For starters, there are two main types of fiber used to make a canvas: cotton and linen. While you can find specialty canvases made from hemp or jute, cotton and linen are economical choices without sacrificing quality.
For the sake of simplicity, we'll focus on these more mainstream options.
Cotton is easier to stretch, but stretch too tightly and you run the risk of your canvas tearing once it's fixed to your frame (though it is not easy to tear). Linen, on the other hand, is hard to stretch, which means it will be harder to tear once attached to your frame.
Here are a few things to keep in mind about the two.
- Easy to stretch.
- Cheaper than linen.
- Heavier than linene.
- Highly textured.
- Potential to stretch over time.
- Hard to stretch.
- More expensive than cotton.
- More traditional than cotton (linen predates cotton for canvases by a few centuries).
- Smooth texture.
If you're unsure which option will work best for you, start with cotton, the cheaper option, before moving to linen. I promise you you'll feel the pain of wasted linen more so than cotton.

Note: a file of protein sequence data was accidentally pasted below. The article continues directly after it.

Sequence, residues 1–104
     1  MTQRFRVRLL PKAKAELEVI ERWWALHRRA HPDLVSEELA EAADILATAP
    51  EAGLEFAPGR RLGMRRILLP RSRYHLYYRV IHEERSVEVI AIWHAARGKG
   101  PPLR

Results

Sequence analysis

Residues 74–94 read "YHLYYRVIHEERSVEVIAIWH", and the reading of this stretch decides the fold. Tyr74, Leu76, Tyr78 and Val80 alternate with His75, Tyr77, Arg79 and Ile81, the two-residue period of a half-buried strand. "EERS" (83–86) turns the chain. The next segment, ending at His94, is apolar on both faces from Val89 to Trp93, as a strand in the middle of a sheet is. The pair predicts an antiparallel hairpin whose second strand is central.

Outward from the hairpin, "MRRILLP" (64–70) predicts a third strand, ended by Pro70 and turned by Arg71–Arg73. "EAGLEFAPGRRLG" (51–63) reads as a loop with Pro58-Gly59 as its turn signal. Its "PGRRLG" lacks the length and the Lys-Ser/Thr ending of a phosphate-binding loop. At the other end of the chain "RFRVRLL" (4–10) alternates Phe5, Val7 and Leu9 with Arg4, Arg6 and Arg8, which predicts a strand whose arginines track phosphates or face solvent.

When you purchase or order your canvas, you'll buy by length and weave regardless of canvas type.
You should always buy more canvas than you need.
Weaves, however, are a little more complicated, but not by much.
Canvases come in different weaves.
The higher the number of weaves, the heavier and more textured your canvases will be. Heavier weaves are also used by artists who use a lot of paint, or many layers, in their work. The opposite is true of lighter-handed artists.
Canvases with higher weaves have higher texture, which is particularly true of cotton. Linen is a finer material by nature. How texture translates into your painting is that your brush will skip over small bumps on the canvas, bringing dimension to paintings with fewer colors.
Buying canvases: the bottom line
Like many things in painting, buying the perfect canvas boils down to personal preference. To learn more about what canvases you're partial to, start by experimenting with the lower-cost canvas.
Now that you have your canvas figured out, it's time to assemble your frame.